Opinion: Chocolate fish offered for alternative measures of economic activity

Opinion: Chocolate fish offered for alternative measures of economic activity

By Neville Bennett It started with the Economist's Big Mac Index. People got a pretty good idea about comparative international prices by comparing the price of Big Macs in big cities. Another step for me was a recent article in which I mentioned that my favourite indices of international economic activity were in conflict: the Baltic Dry index (shipping) supported the "green Weeds" hypothesis, but the IATA passenger and cargo data showed deep depression. My blog got such an enthusiastic response that I thought I would launch a competition with chocolate fish awards for good indicators. For example, if there is good business activity the tall cranes are busy. I recall my son saying, many years ago: "Did you know that 10% of the tall cranes are in Shanghai?" I did not, and was surprised. A Tall Crane Index would indicate investment and where it was. It would be brilliant. Similarly, where are there most cargo containers? Any ideas? Oil-bulls might like to know more on the market for off-shore drilling platforms.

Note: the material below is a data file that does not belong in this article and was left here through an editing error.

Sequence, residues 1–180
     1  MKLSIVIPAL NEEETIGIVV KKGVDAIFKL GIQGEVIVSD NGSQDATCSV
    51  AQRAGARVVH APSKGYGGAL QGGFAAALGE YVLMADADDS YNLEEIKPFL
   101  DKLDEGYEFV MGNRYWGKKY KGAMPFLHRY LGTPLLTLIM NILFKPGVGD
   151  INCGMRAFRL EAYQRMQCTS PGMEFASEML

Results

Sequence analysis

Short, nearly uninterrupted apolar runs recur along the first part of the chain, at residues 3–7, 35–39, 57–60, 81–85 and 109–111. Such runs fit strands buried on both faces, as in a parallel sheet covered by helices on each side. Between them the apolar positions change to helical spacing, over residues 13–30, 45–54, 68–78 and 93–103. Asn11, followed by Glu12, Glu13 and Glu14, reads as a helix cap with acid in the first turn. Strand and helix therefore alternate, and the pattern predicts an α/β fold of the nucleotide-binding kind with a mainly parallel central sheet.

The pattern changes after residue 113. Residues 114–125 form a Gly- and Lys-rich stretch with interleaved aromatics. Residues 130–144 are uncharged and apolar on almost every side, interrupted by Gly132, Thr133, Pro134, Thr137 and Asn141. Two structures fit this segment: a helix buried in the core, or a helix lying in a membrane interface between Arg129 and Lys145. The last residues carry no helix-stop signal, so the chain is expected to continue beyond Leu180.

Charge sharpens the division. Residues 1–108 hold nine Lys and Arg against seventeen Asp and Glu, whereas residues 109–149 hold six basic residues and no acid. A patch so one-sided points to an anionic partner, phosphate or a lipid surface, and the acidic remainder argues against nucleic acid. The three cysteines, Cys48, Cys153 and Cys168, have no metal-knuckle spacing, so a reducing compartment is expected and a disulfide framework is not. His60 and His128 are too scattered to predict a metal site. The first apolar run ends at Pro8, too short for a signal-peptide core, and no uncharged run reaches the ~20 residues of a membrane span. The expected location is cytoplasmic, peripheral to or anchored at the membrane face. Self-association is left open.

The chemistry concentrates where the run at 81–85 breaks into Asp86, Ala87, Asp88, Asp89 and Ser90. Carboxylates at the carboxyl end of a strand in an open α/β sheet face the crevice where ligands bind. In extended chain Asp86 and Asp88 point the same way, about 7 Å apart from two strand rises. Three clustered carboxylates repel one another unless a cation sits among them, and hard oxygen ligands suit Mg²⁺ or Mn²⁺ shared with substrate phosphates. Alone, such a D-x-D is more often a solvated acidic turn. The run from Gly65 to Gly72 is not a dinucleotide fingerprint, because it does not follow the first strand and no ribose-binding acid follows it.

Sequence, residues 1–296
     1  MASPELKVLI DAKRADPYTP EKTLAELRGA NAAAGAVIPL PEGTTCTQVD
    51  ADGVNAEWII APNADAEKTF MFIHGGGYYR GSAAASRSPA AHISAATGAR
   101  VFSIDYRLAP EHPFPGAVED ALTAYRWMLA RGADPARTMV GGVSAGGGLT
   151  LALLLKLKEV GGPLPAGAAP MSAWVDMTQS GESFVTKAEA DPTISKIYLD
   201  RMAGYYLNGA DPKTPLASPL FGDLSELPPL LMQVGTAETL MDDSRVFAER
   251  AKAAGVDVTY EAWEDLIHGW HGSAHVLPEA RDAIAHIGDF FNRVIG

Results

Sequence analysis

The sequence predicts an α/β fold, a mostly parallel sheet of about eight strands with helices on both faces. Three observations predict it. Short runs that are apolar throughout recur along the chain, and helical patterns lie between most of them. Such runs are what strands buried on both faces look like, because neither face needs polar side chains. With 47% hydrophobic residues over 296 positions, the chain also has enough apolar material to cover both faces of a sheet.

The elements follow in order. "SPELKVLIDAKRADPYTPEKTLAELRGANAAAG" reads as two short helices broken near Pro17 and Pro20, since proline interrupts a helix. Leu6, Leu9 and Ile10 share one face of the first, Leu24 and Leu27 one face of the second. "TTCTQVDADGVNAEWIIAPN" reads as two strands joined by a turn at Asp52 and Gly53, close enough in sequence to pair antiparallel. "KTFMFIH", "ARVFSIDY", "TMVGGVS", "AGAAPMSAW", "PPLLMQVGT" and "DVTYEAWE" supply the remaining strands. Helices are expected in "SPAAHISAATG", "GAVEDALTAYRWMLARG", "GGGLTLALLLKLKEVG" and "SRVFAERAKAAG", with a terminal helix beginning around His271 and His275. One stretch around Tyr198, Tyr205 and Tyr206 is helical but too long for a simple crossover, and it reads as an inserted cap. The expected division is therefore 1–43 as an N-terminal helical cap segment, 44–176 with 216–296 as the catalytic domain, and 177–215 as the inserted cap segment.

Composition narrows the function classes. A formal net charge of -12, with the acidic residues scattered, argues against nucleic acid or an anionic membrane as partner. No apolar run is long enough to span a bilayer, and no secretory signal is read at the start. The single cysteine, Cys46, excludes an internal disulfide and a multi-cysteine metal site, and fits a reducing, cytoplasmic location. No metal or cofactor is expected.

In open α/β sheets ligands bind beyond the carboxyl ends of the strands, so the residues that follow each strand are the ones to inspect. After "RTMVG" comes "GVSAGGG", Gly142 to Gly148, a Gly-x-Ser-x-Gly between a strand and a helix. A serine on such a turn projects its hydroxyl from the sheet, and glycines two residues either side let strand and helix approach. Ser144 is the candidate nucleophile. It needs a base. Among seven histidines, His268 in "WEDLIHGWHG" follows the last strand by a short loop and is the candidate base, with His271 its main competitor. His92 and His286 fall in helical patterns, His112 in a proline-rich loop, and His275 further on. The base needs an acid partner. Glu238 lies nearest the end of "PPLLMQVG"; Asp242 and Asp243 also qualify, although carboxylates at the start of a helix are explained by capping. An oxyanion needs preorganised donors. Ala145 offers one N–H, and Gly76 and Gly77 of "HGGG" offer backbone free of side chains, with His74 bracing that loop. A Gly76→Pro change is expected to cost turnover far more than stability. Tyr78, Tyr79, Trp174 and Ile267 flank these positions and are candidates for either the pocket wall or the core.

When I was young the hemline index was effective. When women's hemlines rose in the 1960's so did stock prices. Stocks and hemlines were sky-high when the mini-skirt dominates. Then the oil-shock of the 1970's dragged down shares and hemlines. (Ah! The swinging "˜60's in London.... That was the time to be alive! The pill, Mary Quant, Twiggy, The Beatles, and England won the World Cup.) At one time I had a fix on concrete, it was terrific, I predicted a housing boom in New Zealand, and my article was ahead of the pack. Even the real estate people had really only noticed the coast and places like Nelson and Queenstown. I forget where I got the concrete data. Can anyone help? (Ed. note: Check out our concrete chart at the bottom of the post) I am told dry cleaners are suffering as people are very slow to pick up their stuff. Customers are delaying payment in this industry (and many others, perchance), and I suppose that will be true for cobblers, stuff on lay-by etc. Got a lead on dry cleaning? Dry cleaning could be tricky. It would need 2 parts; clothing and hotels. Clothing is seasonal I suppose, lots of work in the party season before Christmas, quiet in January. But the hotels are very busy in December-March, and again in skiing season. A decline in the dry-cleaning index is a typical recession-depression behavior. You will notice it in transport: lots more people on buses, trains and on bikes. I suppose we can wait until regional authorities tell us, but they are too slow to be an indicator for journalism. They will provide good data for historians (a very praiseworthy activity) but we need it now, but how can we get it quickly? Recessions are good for fast food but Statistics NZ has that covered. I wonder if the switch to fast food would continue if we went into depression? Perhaps not. It could be regarded as discretionary, and decline a little. But if things get really tough, I reckon fish and chips would revive as source of cheap calories. Meanwhile, there are other signs of the times. When people want relief they cannot go to the circus like they might have done in Rome or Byzantium, but they can go to Simon and Garfunkel or other shows. Apparently they are in droves. In the US cinema has revived, ticket sales are up 9% this year. But the cinema is cheaper in the States; average admission US$7.20. Another sign of the times is the revival of vegetable gardening. Some Sunday paper stories suggest it is cheaper to grow your own. Not in my experience. You get ripped off for seeds, and anyone starting out would spend plenty on tools and equipment. I do grow a lot of food because I want organic stuff, and the convenience of having herbs, spring onions etc at hand. I grow Jerusalem Artichokes and rare potatoes because I cannot buy them. Still, is there a vegetable gardening index? I gather that dating increases in recessions. I imagine women want more security. Hence lip-stick sales shoot up, so does eye-make up, and Match.com in the US has noticed a huge increase in dating activity. A Mills and Boon index would also show positive trends at present, I think. I would not like the job as a Porsche salesman at present. I suppose sales of new luxury cars, Rolex etc are a touch flat. Second hand sports cars might be different. You could get them cheap in London or Dubai Airport, and take them to Shanghai. So there's the challenge. We welcome your suggestions in the comments below. ____________ * Neville Bennett was a long-time Senior Lecturer in History at the University of Canterbury, where he taught since 1971. His focus is economic history and markets.

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